Publicaties

An indicator for disease suppresion: linking soil chemistry to microbiology using dissolved organic carbon fractionation

Os, G.J. van; Straathof, A.L.; Bloem, J.; Berg, W. van den; Hoffland, E.

Samenvatting

Soil organic matter (SOM) is a major component of soil quality, contributing to physical, chemical and biological properties of the soil. Incorporation of organic matter may stimulate the soil microflora, increase microbial activity and biodiversity and thus enhance suppression of soil borne pathogens by competition, predation and/or specific antagonism.
In a field experiment, a mixture of peat (95%) and manure (5%) was incorporated, creating three levels of SOM: 10, 20 and 30 g kg-1. Soil samples were analysed for a range of physical, chemical and biological soil parameters. Samples were also tested in bioassays for disease suppression against Pythium intermedium, Rhizoctonia solani and Melodogyne hapla using Hyacinth, Tulip and Lettuce respectively as test crops. SOM levels had no effect on sprout infection by Rhizoctonia. For both Pythium and Melodogyna, less disease symptoms were observed at higher SOM contents. It was concluded that higher SOM induced disease suppression against these two pathogens and that this suppression was mainly due to biological activity since in sterilized soil little or no suppression occurred. Multivariate analyses and multiple regressions obtained with model selection, showed positive correlation between disease suppression, SOM and hot water extractable carbon (HWC). Based on these results, SOM and soluble organic carbon have been proposed as indicators for disease suppression. Fractionation of soil dissolved organic carbon (DOC) may even give more detailed information on SOM quality as a substrate for the soil microflora and subsequent antagonistic activities. In another field trial, four different types of organic inputs were incorporated in the soil: compost, coconut fibre, cacao shells and biochar. The raw materials differed significantly in DOC concentrations, ranging from 4 mg kg-1 to more than 9000 mg kg-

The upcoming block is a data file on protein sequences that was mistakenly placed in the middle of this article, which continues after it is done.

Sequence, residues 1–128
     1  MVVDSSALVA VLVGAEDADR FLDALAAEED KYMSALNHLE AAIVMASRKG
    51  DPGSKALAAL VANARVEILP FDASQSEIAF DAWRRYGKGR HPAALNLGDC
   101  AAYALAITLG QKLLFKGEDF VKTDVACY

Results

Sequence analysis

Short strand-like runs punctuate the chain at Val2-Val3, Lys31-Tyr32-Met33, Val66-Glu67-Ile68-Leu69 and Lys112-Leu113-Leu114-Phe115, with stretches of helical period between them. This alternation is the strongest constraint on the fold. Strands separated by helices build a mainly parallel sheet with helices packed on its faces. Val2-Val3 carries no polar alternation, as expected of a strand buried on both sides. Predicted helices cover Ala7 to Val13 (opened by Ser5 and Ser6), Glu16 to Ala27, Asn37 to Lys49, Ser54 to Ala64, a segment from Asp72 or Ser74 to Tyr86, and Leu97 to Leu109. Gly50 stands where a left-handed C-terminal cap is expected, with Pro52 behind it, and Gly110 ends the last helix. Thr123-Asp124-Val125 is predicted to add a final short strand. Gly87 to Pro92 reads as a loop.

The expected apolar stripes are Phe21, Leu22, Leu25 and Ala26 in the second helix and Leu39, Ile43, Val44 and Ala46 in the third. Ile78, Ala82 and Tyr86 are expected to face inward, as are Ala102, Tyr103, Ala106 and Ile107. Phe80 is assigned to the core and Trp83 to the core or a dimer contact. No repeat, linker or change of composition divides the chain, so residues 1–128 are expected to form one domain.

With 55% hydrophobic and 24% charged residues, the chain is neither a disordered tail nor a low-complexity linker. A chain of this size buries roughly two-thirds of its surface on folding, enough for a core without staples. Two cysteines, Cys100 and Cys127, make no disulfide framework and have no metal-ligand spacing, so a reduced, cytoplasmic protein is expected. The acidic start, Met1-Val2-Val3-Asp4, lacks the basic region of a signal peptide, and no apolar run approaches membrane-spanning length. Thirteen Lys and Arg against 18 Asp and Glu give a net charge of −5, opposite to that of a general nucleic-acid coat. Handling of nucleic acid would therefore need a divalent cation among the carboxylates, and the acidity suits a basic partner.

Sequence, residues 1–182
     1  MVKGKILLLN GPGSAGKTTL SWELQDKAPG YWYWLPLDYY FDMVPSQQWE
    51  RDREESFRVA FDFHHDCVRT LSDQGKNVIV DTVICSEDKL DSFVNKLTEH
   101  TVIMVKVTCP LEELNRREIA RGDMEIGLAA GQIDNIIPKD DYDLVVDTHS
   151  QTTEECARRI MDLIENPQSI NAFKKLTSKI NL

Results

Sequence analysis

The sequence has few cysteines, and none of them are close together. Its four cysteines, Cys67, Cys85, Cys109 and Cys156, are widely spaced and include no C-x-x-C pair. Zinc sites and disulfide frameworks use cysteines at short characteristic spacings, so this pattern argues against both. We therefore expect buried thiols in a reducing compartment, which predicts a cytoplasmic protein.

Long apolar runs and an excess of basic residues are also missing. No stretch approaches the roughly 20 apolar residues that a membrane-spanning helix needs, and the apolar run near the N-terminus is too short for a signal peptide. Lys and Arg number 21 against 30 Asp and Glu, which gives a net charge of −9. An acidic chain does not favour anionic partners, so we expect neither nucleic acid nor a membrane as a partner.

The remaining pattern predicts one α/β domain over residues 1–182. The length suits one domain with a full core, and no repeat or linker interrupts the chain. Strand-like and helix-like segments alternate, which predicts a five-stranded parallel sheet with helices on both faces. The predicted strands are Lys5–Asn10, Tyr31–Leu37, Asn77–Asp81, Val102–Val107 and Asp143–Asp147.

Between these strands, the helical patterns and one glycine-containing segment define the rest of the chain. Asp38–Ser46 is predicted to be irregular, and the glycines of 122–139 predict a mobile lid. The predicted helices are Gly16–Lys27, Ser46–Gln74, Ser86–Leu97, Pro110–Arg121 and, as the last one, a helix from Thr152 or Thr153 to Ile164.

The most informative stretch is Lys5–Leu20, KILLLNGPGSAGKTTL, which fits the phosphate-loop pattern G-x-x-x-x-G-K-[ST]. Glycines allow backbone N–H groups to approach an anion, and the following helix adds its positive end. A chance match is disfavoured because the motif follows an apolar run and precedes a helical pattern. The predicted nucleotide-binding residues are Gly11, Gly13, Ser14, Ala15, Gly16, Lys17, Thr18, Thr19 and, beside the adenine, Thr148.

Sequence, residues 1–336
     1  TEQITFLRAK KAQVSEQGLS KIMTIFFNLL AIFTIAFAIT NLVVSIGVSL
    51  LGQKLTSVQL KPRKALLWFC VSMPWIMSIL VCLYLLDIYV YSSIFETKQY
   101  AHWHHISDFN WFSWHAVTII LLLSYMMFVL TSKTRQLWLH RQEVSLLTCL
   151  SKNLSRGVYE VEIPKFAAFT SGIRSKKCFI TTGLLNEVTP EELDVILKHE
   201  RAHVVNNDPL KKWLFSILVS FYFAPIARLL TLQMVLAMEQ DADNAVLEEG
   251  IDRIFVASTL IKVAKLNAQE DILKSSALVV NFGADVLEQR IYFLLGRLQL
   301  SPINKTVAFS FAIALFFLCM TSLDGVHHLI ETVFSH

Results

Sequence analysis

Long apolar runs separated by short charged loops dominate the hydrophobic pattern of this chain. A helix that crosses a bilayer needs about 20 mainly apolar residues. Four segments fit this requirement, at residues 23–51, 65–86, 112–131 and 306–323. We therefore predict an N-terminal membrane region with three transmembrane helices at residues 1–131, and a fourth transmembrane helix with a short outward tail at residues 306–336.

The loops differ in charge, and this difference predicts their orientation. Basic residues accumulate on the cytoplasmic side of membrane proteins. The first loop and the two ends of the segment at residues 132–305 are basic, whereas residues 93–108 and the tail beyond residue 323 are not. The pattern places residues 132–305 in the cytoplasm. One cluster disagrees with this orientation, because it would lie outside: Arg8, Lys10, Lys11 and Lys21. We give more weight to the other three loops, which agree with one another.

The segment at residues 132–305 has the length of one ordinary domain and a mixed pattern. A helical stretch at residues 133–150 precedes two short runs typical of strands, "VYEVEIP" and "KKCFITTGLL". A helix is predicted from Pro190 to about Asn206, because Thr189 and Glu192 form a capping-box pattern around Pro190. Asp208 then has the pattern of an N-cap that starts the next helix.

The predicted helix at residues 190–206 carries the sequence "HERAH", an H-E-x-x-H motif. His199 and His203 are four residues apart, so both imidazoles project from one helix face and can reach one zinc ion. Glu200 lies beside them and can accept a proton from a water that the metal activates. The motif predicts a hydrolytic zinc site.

1. DOC was further qualified by fractionation into pools of humic acids, fulvic acids, hydrophobic neutrals, and hydrophilic compounds. After amendment, soil physical, chemical and biological parameters were measured, including total DOC, DOC fractions and disease suppression. Statistical analyses showed that variation in disease suppression was best explained with models including total DOC, humic acids and fulvic acids, rather than SOM or HWC. Based on these results, qualification of DOC pools through fractionation may be an informative tool in predicting soil functional processes such as disease suppression.